that national capabilities are increasingly being replaced by
international facilities. This reflects rapid advances in technology
development which often drive more complex and expensive facilities
which tend to be beyond the scope of any one country to develop.
Research too, is being pursued to a greater degree on an international
basis, reflecting the nature of global challenges such as climate
change and the scale of major endeavours in areas such as particle
physics. In this environment it is essential that the UK continues
to take a long-term and strategic view of the facilities that
UK researchers are likely to need access to and manage the investment
of public funds accordingly.
Graduates appropriate for a high-skill economy
23. The role of the Research Councils is
ensure that the best potential researchers
are attracted into research careers;
assist the universities to improve
the quality of their research training and improve the employability
of early stage researchers;
increase the attractiveness of research
careers by actively promoting improved career development and
management of research staff in universities and fostering a culture
of continuous enhancement; and
enhance the international attractiveness
of research training in UK HEIs.
24. In delivering this the Research Councils
wish to encourage HEIs to embed transferable skills in the PhD
thus raising value to employers, and improve career development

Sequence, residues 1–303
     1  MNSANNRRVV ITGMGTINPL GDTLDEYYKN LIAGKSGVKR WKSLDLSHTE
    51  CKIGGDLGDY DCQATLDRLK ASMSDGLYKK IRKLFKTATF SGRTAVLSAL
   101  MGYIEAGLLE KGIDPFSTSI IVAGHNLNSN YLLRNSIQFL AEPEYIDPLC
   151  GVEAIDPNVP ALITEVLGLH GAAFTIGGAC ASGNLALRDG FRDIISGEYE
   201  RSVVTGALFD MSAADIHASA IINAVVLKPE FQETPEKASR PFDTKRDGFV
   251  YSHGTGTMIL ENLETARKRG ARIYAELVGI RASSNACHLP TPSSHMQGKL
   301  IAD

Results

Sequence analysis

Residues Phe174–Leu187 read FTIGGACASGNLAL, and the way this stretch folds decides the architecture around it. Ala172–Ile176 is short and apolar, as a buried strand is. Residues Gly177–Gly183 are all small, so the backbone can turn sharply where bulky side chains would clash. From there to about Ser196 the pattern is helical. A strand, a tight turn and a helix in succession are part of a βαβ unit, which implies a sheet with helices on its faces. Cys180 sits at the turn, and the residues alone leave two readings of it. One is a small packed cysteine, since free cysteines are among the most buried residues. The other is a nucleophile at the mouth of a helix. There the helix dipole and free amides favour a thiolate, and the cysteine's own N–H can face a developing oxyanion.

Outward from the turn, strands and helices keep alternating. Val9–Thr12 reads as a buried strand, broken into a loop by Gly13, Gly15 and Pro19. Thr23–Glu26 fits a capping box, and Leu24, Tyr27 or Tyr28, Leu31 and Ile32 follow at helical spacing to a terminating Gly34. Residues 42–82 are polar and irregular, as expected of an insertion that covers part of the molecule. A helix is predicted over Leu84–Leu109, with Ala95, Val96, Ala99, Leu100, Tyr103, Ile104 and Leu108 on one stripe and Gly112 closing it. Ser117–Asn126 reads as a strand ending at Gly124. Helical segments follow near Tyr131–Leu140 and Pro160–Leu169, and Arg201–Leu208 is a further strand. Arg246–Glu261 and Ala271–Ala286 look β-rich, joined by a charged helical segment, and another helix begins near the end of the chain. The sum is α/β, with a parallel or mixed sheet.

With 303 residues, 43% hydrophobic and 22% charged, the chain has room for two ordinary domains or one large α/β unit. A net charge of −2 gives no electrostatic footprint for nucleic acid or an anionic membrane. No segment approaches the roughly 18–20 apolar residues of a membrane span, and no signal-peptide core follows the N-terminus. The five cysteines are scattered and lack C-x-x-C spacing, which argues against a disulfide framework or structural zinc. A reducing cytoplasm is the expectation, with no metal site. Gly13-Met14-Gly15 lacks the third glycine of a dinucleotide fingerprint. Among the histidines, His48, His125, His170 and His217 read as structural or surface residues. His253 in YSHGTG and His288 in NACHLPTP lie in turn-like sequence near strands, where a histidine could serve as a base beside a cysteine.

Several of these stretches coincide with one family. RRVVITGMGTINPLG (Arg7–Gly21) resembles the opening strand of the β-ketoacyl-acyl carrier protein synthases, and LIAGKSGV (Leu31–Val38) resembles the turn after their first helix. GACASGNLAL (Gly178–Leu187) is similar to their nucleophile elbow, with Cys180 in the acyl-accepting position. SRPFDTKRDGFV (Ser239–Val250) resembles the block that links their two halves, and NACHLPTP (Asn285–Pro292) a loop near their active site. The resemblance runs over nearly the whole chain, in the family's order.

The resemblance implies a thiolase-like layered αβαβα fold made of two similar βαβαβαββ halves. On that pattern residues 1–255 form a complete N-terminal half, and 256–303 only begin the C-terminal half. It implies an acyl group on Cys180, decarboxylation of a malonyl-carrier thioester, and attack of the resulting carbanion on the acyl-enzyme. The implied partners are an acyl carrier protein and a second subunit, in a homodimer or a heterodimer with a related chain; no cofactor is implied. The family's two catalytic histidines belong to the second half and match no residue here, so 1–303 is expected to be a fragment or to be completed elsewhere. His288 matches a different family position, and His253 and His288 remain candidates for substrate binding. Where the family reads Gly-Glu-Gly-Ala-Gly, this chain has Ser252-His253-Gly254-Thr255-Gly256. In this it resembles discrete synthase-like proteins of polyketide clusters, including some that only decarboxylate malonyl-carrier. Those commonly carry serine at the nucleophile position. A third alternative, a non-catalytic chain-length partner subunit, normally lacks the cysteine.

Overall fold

for their research staff. This helps to address the employer needs
for postgraduates with project management, team working skills,
communication, and leadership capabilities. To support this aim
the Research Councils run collaborative PhD studentship schemes
many of which offer training in partnership with business. For
example BBSRC supports the biotechnology Young Entrepreneurs Scheme
and ESRC, the RDAs and the Scottish Executive fund the University
of Cambridge to run courses for graduates on enterprise and entrepreneurship.
The Research Councils also continue to encourage HEIs to use some
of the money provided to implement the Roberts' Review on SET
skills to provide business planning, enterprise, IP management
and entrepreneurship skills training for postgraduates and postdocs.
Widening participation, contribution to social
25. Universities have a key role in promoting
diversity within the postgraduate student population and the research
workforce and the Research Councils are committed to working with
them to achieve this, by funding and promoting best practice initiatives,
A much greater level of engagement with schools
and engagement in society and democratic debate, and producing
26. The HE sector has a strong role to play
in increasing opportunities for people of all ages and from all
sectors of society to engage with science and research. Research
Councils believe that public engagement activity helps people
to be more aware of the opportunities open to them, and more empowered